“It was important to me to ensure that new team members felt like they knew their teammates,” says Kraft, from Wings Financial Credit Union. “We developed a habit of having a quick morning check-in videoconference, which has turned out to be a great way to start our mornings by still seeing each other. Each meeting also features an icebreaker question that we all answer. We have covered everything from our preferred toothpaste, to our favorite restaurant patio that we plan to visit just as soon as we’re able to do so, to showing off our favorite pair of crazy socks. We’ve all learned a surprising amount of information about each other personally, just in these brief morning interactions. While that was done primarily face to face in the past, we’ve found that we can still build culture and train our employees remotely.”

And it’s not just daily meetings that help colleagues get to know one another. Kraft asked a new employee how her first week went. “Her answer surprised me,” Kraft recalls. “She said that she knew the conditions weren’t ideal, and that the current situation wasn’t one that any of us would have planned or chosen. But, she said, her first week gave her the chance to see how the rest of the team handled challenges and adversity, and how we supported each other and also prioritized each other’s well-being on a personal level.”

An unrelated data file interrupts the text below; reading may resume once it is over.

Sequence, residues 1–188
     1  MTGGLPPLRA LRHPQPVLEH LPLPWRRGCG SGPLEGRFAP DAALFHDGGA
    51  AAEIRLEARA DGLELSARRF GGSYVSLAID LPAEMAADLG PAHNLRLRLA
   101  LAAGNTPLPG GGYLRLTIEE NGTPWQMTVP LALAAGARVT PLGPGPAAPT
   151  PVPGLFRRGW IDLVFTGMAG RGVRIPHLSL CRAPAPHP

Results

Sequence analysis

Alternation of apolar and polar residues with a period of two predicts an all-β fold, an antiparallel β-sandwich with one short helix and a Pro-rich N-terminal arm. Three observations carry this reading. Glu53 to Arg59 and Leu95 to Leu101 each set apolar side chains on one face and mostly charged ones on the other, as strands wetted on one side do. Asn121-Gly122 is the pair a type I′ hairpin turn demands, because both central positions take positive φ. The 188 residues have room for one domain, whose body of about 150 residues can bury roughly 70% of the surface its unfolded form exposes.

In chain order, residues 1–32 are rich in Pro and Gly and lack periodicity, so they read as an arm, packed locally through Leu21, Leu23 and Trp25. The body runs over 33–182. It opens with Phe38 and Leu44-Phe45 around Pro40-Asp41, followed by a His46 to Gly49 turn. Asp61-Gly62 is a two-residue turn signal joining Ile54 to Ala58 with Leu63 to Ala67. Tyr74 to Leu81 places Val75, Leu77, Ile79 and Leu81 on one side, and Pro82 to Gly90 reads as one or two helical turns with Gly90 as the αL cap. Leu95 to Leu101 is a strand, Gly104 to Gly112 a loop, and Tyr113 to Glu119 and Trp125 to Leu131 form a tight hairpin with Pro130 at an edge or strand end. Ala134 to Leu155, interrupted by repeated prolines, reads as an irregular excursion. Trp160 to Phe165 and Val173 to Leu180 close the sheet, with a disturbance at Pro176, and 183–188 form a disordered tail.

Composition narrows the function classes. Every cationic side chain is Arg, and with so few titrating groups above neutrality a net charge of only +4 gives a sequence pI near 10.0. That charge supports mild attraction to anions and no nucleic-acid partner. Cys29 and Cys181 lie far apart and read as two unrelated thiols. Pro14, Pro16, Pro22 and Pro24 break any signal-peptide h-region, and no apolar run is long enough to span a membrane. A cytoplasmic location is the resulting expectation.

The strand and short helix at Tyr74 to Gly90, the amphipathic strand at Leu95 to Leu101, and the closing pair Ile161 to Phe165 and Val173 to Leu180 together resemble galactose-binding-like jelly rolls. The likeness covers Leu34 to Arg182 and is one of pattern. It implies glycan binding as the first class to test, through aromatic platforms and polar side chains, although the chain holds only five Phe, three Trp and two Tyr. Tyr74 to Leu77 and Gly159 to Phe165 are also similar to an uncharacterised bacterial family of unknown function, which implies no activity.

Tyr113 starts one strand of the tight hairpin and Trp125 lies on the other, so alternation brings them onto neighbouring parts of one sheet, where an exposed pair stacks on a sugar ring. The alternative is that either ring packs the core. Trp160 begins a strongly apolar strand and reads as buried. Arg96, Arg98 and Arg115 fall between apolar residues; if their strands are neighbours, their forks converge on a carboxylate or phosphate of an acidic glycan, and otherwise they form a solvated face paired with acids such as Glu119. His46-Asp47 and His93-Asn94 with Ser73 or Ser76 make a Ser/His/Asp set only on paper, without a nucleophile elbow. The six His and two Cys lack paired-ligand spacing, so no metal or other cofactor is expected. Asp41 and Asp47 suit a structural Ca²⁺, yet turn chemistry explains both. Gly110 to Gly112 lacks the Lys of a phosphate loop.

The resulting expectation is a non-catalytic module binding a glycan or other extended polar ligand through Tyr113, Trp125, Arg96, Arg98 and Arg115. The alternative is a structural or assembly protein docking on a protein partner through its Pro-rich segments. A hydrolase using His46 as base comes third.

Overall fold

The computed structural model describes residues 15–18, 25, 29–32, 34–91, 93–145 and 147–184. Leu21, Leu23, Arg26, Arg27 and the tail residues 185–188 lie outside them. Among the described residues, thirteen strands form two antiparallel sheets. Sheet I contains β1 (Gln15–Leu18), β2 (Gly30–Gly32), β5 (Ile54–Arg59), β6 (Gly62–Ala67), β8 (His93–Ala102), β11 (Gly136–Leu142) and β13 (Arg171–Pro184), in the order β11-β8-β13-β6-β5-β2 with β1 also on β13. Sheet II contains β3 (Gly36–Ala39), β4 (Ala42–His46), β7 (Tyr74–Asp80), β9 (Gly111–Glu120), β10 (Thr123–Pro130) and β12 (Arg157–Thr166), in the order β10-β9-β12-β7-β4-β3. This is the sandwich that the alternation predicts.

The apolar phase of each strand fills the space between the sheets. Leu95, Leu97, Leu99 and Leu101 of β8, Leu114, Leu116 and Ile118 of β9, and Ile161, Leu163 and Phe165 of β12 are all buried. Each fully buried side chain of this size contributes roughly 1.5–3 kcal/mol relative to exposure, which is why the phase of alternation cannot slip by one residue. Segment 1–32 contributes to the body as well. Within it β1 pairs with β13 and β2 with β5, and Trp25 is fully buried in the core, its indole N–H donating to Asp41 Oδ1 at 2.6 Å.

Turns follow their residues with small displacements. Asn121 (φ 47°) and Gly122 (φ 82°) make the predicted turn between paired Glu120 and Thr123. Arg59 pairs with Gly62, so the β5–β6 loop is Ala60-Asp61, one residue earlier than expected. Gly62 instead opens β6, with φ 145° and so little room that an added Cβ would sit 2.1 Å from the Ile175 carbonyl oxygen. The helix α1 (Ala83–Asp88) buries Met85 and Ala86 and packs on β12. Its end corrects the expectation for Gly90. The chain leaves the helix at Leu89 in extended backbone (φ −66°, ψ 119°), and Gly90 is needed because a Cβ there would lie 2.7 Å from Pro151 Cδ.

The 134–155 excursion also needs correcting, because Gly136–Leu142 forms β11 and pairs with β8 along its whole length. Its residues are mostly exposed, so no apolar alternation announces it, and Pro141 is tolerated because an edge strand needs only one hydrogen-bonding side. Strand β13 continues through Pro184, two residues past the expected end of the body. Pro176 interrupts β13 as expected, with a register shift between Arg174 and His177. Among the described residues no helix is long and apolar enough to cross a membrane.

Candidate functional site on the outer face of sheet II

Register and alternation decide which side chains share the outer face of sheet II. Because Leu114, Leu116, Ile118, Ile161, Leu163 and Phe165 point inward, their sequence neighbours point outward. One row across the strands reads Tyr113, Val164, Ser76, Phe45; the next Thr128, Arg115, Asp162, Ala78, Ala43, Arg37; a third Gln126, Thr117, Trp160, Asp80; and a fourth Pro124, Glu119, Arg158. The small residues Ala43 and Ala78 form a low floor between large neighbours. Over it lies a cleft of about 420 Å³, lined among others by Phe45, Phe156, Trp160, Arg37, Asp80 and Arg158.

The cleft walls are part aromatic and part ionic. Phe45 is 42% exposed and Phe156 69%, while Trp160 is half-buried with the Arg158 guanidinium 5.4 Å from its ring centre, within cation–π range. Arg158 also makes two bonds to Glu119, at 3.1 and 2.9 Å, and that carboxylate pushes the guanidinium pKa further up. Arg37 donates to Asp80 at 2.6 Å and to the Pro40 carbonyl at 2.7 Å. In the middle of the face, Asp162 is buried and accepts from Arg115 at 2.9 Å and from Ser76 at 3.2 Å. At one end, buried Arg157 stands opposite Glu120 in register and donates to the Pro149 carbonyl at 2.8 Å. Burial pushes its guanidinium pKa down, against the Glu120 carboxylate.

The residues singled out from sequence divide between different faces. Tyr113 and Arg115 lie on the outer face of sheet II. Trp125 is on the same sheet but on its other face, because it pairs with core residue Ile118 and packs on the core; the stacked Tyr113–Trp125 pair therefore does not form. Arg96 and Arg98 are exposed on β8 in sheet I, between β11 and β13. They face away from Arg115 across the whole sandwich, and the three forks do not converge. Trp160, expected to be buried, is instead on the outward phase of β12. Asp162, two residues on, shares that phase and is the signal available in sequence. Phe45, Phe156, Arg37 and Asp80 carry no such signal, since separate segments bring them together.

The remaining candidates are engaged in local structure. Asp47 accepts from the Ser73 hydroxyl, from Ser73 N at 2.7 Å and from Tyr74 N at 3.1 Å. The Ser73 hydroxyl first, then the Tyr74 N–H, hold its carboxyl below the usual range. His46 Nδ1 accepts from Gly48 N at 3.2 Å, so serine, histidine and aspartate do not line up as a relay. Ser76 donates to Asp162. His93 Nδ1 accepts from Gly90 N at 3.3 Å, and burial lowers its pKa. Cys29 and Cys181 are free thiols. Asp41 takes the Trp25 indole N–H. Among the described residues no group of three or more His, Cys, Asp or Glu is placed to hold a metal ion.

Who’s the boss?

Glen Lloyd started as Executive Director of the Epilepsy Foundation of Minnesota amid the Covid-19 pandemic. He was in the office for only one week before their offices closed.

Although staff are not currently working in the same building, Lloyd is making sure they stay connected. “My direct reports have a daily check in as a whole leadership team, and then having weekly meetings one to one,” he says.

Like so many others, the biggest challenge Lloyd faces with his staff working remotely is keeping cultural camaraderie.

When work ‘returns to normal’

When it’s time to go back into the office, employees will need more than masks and disinfectant. Ensuring newer employees feel welcome in a new environment is crucial.

“I’ve been very fortunate in my situation, but I have to say I’m anxious to move into the office,” Murphy says. “It’s going to feel like starting all over, even though I’ve already been working for my employer since the beginning of April.”

Covid-19 has offered employers new onboarding options that could continue, post-pandemic. “I could see more training moving to a virtual setting,” Kraft adds. ”There is still a great deal of importance to face-to-face meetings, but I also think it is possible to have those interactions at another time. Your first day at a new job is always overwhelming, so perhaps prioritizing the face-to-face time at a future date would ultimately be more meaningful to the new employee.”

Mike Marcotte, a native Minnesotan and downtown Minneapolis resident, graduated from Gustavus Adolphus with a degree in elementary education. But he didn’t go into teaching after college. He spent nine years as a television producer, becoming an on-air regular on KSTP’s Twin Cities Live. He is now a nonprofit events planner with Open Arms of Minnesota. You can read more of Mike’s work on his website, www.givemethemike.com.